Thereafter, make time after the working day to gain greater understanding of the breadth of functionality that Dolphin offer. Choose a topic and self-teach yourself using Manuals and Tutorials on the Dolphin website to provide additional tools that will then be at your disposal.

With regard to the screen reader, find the voice that works best for you. Many people including myself, find the synthetic voices work better for consuming large quantities of text at high speed. If you gradually speed up the voice, you will quickly find listening efficiency greatly increased and I suggest this may be on a par with fully sighted colleagues in the review of documents.

Finally, what developments would you like to see in the future? What would you find useful?

It is a constant challenge for Dolphin to keep up with developments in the mainstream operating system and software market. If there was a way of assistive technology with the range of functionality of Supernova, being closer integrated with evolving mainstream software - including social media - this would be particularly beneficial.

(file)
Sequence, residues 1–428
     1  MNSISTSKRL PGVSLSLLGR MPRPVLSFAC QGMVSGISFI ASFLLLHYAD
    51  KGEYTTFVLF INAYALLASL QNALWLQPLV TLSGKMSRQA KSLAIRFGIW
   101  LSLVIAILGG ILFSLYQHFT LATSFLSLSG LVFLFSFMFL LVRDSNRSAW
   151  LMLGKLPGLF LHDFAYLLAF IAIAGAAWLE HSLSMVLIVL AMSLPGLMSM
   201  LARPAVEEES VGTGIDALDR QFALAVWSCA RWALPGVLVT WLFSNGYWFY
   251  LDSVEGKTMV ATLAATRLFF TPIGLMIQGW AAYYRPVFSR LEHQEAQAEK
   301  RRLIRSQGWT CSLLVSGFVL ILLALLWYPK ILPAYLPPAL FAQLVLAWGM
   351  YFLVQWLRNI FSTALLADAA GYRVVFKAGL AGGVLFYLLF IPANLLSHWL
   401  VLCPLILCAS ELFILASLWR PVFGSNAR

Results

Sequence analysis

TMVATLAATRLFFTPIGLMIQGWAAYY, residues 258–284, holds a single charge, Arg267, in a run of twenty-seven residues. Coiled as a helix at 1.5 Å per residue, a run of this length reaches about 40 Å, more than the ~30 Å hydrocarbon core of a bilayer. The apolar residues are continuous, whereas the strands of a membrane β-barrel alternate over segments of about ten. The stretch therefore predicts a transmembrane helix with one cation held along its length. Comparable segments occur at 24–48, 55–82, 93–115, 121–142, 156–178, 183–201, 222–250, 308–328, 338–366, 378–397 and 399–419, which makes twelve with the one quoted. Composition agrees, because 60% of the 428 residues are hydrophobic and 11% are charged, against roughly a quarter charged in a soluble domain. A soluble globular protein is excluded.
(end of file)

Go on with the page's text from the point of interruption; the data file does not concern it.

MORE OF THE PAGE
The current situation with all assistive software seems to result in ‘clashes’, with systems freezing and crashing. This is frustrating and inefficient in a world where we are constantly striving to demonstrate no loss of efficiency.

At the speed that technological advances are moving, I think that the future of assistive technology for visually impaired members of society will be very positive.

About Colin

I am the Director and founder of Acumental Limited and have a wealth of knowledge and experience which has been established over a period of some 30 years. By fully utilizing both my qualifications and experience in Building Engineering and Facilities Management along with Leadership Management & Executive Coaching skills, I have made significant improvements and developments within both the public and private sectors in a range of markets. I have established a significant client base within both public & private sectors delivering real and measurable transition and change solutions for contractors and end users.

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Topics: Organisation, SightLoss, SuperNova, Employment